The choirs of St. John’s sing an extensive and wide repertoire from medieval plainsong to newly composed music of the 21st century. The choral repertoire list provides a complete listing of the anthems and service music sung during the past several years. In addition to this music, the choir sings the Sunday Eucharist and Choral Evensong psalms to Anglican chant, plainsong, or simplified Anglican chant.
Grades 7-12 – “Cantemus” is Latin for “Let Us Sing.” The youth members of our choir program work on much of the same music as the adult singers. They rehearse on Wednesdays from 5:30-7:30 pm. They sing on Sunday mornings for the 10:00 am service, as well as special musical services.
St. John’s Choir
Adults – The adult section of the choir rehearses on Wednesdays from 5:30-7:30 pm and sings for the 10:00 am Sunday Eucharist. Approximately once each month the choir also sings for a special musical service, often Choral Evensong, in the afternoon. Services on the major Holy Days of the church, such as Christmas Eve, Holy Week, and Easter Day also involve the musical leadership of the choir. Chorister training for adults is arranged through the choirmasters on an individual basis at convenient times. The Choir of Saint John’s Episcopal Church is always looking for additional singers to augment the excellent existing choir.
- The choir sings approximately 150 different anthems and canticles each year in one of the finest acoustic settings in Bangor.
- Music by Lassus, Palestrina, Tallis, Victoria, Byrd, Gibbons, Bach, Mendelssohn, Brahms, Bruckner, Fauré, Elgar, Stanford, Parry, Vaughan Williams, Britten, Howells, Rorem, Rutter, Chilcott, Tavener and many others
- Singers are welcome in all parts. We are a team of skilled volunteers and membership is by audition with the Choirmaster. The most essential skills are a good ear to match pitch, a commitment to blended choral singing, and an understanding of teamwork. Members should have basic music reading skills and an enthusiasm for choral singing. They need to have voices that can blend with others and stay in tune.
- Singers do not need to be a member of the parish or the Episcopal Church. They do need to have an awareness and desire to be a part of our rich religious tradition that involves music (often sung in foreign languages), liturgy, and scripture. Singers need to be comfortable in the choir’s role of helping lead worship.
- Members need to be willing to make a commitment to weekly attendance at rehearsals and services. The choir’s schedule roughly follows the academic year, with some volunteers continuing to sing during the summer.
- For more information or to arrange an audition, email Josh Singer at email@example.com.
Special Musical Services and Concerts
Our choir offers Evensong and other seasonally appropriate services and concerts throughout the academic year.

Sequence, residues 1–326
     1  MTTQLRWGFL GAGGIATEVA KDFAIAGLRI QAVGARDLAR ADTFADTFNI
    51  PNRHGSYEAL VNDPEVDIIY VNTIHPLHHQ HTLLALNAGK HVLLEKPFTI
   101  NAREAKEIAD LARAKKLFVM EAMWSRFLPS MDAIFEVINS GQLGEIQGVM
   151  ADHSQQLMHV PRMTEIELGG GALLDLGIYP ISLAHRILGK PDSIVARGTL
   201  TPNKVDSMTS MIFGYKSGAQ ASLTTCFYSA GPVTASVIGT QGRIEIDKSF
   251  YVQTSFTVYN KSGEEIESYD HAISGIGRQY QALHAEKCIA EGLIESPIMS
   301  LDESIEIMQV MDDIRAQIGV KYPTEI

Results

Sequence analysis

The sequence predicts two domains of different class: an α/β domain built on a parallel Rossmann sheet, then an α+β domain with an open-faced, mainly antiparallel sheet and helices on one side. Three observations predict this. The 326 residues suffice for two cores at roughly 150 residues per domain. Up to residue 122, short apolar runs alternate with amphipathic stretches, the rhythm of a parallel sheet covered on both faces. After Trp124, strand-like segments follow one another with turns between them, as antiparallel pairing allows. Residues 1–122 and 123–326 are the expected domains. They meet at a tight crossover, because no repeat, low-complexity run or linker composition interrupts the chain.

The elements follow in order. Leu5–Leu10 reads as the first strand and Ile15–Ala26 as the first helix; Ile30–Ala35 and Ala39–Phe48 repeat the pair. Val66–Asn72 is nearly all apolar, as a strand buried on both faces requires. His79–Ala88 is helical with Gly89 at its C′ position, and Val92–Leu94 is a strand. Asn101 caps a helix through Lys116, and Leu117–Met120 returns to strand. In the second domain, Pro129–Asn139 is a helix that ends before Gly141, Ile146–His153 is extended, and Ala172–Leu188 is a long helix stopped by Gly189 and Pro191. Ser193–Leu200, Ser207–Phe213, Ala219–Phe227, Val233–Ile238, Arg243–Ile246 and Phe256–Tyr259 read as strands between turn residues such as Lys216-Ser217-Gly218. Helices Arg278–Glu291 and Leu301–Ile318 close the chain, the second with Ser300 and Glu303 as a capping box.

These will be posted here as they become available.
Many of our Special Musical Services here at St. John’s are an important part of our Outreach efforts.
100 % of the donations received at these events go to benefit the following community partners:
The Royal School of Church Music
Our choirs at St. John’s are affiliated with the Royal School of Church Music, an international organization based in England, but with an American branch, that encourages excellence in church music. The RSCM was founded in England in 1927 by Sir Sydney Nicholson, organist of Westminster Abbey. Originally called the School of English Church Music, the organization consisted of a training college for church musicians and an association of churches committed to attaining high standards of musical performance.
It has since evolved into an international and ecumenical organization whose primary goal is to promote the use of music to enhance Christian worship. It does this by providing educational opportunities to church musicians and choristers as well as by developing and making available a practical training scheme which covers basic music reading skills, voice production, mentoring and team building, and equally importantly, Christian education.
One of the main impacts of the RSCM has been through its encouragement of younger singers – through the training program administered on the parish level (like our regular training sessions leading to the awarding of ribbons for reaching certain levels) and on the national level with summer training courses scattered around the country. These week-long sleepover courses take place in a variety of different settings – some rural, some urban – but all have in common superb musical leadership and the unique opportunity of sharing spiritual music making with peers from other churches around the region and country. I have always found that choristers return from a week at RSCM camp with renewed enthusiasm, fun stories, and further developed musicianship. In recent years our St. John’s choristers have attended RSCM courses in Rhode Island and Massachusetts.
RSCM in America: www.rscmamerica.org